HELLER Matthew, I’ll come back to you, as a stage artist whose response to material has changed over time. Among other things, you wrote a play about the play and its impact on a Puerto Rican family. Tell us about that – and was he informed by your new ideas about the shortcomings of the original?
LÃPEZ The film sparked my nascent creative brain as a play – music, dance – and as cinema. Seeing the revival, however, I realized how the Puerto Rican characters – and therefore the performers who play them – weren’t invited to the party, so to speak. A meal had been prepared and half of the actors seemed to be hungry. My family loved “West Side Story”, but when I thought about it, I realized that their love for the show was not mutual.
All of this led me to start writing âSomewhere,â which takes place in the neighborhood that was ultimately destroyed to build Lincoln Center. A Puerto Rican family of dancers and performers who dream of being cast in “West Side Story” (or whatever Jerome Robbins has created) but who, by the realities of their situation, only dream. I think in a way I was trying to tell the story behind the scenes that you don’t see.
DEL VALLE SCHORSKE Matthew, it seems that âSomewhereâ shows us how to engage in a âcanonicalâ work without reproducing its limits. I’m interested in how Puerto Rican artists have creatively handled the constraints of the musical, but I’m also hungry forâ¦ something else! In her memoir, Rita Moreno wrote about how hard it was to find substantial roles after âWest Side Storyâ: I’m a little depressed that she’s still defined by the show in 2021. I mean, Moreno has performed in plays by Lorraine Hansberry, she has spent decades in psychoanalysis, doesn’t she deserve to grow up?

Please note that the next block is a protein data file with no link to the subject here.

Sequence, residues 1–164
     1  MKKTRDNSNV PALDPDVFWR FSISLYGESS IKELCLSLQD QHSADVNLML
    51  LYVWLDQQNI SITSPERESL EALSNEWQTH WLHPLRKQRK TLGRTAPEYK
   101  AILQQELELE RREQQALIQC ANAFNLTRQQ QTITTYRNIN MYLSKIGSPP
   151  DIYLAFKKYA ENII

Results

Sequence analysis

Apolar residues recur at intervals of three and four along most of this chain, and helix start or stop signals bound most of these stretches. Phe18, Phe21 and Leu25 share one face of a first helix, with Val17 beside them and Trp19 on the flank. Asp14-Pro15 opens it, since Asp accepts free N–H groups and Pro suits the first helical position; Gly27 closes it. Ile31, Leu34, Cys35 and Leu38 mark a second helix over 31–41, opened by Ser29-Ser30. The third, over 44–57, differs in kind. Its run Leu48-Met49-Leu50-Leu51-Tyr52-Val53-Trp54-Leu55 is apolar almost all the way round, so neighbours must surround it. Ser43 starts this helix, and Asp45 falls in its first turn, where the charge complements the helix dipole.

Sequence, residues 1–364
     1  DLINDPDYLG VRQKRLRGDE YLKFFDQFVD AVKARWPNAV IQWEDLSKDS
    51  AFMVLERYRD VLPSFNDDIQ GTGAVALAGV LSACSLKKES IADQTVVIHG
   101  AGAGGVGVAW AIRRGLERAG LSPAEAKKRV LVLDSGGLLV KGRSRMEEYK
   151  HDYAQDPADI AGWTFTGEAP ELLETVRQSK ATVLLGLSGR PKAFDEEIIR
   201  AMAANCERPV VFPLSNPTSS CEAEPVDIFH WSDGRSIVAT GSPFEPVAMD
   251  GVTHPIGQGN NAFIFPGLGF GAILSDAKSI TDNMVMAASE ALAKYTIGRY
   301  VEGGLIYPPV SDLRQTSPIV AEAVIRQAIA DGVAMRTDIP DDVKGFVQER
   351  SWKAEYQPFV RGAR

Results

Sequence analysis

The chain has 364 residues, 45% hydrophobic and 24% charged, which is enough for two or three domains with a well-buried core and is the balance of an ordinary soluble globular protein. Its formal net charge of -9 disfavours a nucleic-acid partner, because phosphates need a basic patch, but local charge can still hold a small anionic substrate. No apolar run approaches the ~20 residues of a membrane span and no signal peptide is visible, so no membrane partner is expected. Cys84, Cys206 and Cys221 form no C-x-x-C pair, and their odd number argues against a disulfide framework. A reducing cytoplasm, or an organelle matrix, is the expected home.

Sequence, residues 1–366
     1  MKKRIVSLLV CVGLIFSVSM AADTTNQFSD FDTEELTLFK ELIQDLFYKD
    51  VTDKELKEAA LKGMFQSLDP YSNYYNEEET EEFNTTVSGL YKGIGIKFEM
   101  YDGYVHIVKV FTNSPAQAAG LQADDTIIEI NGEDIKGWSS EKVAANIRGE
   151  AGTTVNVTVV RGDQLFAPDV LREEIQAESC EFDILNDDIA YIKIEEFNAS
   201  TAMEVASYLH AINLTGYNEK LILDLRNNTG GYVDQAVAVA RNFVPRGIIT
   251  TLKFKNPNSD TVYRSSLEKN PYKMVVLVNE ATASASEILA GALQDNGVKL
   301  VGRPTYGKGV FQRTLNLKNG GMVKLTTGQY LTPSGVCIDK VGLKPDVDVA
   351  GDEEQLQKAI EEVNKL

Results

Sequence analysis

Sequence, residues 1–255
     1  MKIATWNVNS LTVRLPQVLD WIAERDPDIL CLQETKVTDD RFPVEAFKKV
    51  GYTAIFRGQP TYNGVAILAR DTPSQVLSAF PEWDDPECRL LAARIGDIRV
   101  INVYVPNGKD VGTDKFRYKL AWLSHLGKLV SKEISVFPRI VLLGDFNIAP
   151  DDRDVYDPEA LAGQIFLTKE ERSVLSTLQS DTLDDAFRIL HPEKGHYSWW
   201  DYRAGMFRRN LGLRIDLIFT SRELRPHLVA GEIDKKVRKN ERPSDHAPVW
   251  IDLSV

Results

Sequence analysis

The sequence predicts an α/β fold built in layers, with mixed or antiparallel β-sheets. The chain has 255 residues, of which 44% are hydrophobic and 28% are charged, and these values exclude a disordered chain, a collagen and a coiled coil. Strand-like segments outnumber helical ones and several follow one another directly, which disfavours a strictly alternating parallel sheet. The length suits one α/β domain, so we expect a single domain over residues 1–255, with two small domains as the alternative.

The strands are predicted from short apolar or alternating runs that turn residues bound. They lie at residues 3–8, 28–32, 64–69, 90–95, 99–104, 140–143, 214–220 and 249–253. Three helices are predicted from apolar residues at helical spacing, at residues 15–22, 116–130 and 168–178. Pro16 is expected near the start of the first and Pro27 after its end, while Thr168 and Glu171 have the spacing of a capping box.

LÃPEZ I have to face a forked mind on this. There’s a part of me that really loves “West Side Story” and a part of me that really hates that I like “West Side Story”. I think Lin-Manuel Miranda once called it “a blessing and a curse,” which is a feeling I understand.
BERSON It makes perfect sense to have a conflicting opinion of the show, especially if it speaks to you so personally. It is not equivalent, but as a Jewish woman, “The wonderful Mrs. Maisel” makes me climb the wall! Meanwhile, I can easily imagine that Latinx performers might both love and resent âWest Side Storyâ – love the way it has given many jobs and its exhilarating use of dancer-actor-singers, but hate him for all the reasons you, Carina, and others have stated. Popular culture is often a double-edged sword in this way.
GREEN The new work of new artists is the lifeblood of the theater. Yet engaging with the old ones, who were once new, can also be enjoyable and valuable – unless they have become the equivalent of Confederate statues that must be brought down. Is “West Side Story” a Confederate statue? I do not think so.